• 4.7.10 – University of Virginia School of Law Website – “Law School graduates who choose careers in public service will soon be able to take advantage of a more generous loan forgiveness program, the Law School announced Wednesday.  Under the new Virginia Loan Forgiveness Program (VLFP II), graduates who take public service jobs that pay less than $75,000 per year will be eligible for loan assistance. The new program will cover the entire annual loan payments for graduates who make $55,000 or less.”    Link to announcement on website.  [Ed. Note: the loan forgiveness program has essentially been redesigned so that it works in tandem with the Income Based Repayment provision of the federal College Cost Reduction and Access Act.  The University of Virginia joins the Georgetown University Law Center and the University of California Berkeley School of Law in “dovetailing” their loan repayment/forgiveness program with the CCRAA.]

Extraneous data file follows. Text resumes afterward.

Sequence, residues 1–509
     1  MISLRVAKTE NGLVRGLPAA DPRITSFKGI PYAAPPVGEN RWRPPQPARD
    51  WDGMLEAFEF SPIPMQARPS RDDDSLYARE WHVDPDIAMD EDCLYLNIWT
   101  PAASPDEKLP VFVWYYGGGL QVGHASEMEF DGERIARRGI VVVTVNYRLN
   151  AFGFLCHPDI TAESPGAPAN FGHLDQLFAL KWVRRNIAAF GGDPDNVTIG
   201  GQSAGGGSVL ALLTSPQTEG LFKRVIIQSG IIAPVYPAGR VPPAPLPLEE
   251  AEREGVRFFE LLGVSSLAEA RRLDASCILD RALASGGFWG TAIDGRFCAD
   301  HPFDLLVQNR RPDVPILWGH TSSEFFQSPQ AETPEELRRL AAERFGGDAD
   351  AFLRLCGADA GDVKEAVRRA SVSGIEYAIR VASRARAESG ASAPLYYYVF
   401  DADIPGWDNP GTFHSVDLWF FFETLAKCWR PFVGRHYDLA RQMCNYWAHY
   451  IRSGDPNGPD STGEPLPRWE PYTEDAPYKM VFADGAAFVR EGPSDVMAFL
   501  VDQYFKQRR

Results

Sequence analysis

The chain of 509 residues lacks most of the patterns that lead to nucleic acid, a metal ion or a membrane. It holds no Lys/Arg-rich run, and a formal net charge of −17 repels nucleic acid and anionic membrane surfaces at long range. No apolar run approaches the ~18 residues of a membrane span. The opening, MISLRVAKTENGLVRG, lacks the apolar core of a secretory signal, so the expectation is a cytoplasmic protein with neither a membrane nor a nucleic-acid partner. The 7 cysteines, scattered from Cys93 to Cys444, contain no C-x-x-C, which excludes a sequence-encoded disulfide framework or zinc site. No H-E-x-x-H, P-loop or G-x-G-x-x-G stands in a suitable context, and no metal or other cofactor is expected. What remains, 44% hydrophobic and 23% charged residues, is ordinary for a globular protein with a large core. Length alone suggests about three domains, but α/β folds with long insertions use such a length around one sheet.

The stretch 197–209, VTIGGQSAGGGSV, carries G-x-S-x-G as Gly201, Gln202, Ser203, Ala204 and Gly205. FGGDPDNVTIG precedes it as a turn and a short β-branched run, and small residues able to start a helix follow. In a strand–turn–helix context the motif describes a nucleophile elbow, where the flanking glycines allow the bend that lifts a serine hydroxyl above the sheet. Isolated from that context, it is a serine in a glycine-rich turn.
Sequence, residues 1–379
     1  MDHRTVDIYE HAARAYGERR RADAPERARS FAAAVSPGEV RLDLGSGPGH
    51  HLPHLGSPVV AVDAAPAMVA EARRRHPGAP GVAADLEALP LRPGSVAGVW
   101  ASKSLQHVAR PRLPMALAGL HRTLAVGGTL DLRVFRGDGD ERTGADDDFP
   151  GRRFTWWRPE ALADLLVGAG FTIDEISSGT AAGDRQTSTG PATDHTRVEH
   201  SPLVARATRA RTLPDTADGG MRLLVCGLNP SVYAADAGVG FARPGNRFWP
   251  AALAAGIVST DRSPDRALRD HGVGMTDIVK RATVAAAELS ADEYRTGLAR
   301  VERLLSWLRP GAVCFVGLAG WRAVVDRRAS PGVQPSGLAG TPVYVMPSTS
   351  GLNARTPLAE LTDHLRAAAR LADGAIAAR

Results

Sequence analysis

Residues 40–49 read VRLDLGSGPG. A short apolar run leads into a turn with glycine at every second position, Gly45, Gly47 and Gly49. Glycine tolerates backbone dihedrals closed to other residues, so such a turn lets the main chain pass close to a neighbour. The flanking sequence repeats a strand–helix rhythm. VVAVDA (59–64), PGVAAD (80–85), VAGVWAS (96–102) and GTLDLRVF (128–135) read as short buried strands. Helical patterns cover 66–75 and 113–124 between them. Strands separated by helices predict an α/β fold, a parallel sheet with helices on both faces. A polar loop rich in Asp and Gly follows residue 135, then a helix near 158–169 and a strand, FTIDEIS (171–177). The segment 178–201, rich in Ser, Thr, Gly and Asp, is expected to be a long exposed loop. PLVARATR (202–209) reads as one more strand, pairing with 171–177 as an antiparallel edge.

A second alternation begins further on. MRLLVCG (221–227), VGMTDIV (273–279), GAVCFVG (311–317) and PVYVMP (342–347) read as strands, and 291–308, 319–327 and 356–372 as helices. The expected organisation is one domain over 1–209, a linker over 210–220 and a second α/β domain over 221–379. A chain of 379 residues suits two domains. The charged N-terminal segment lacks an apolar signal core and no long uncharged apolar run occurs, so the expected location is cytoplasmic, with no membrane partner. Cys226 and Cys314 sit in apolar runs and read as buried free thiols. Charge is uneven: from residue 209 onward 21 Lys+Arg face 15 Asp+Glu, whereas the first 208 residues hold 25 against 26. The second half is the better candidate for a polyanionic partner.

• 4.5.10 – San Jose Mercury News (California) – in Santa Clara County, public defenders have just begun staffing misdemeanor arraignment proceedings to “help defendants deal with…potentially serious criminal charges.”  Up until now, “neither public defenders [n]or prosecutors have regularly staffed misdemeanor arraignments, a defendant’s first court appearance. Defendants charged with misdemeanors were arraigned before a judge who often offered a plea deal to quickly resolve the case. Many legal experts consider that a potential violation of the defendants’ constitutional right to counsel. Some believe that defendants plead guilty simply to get out of jail.”    Link to article.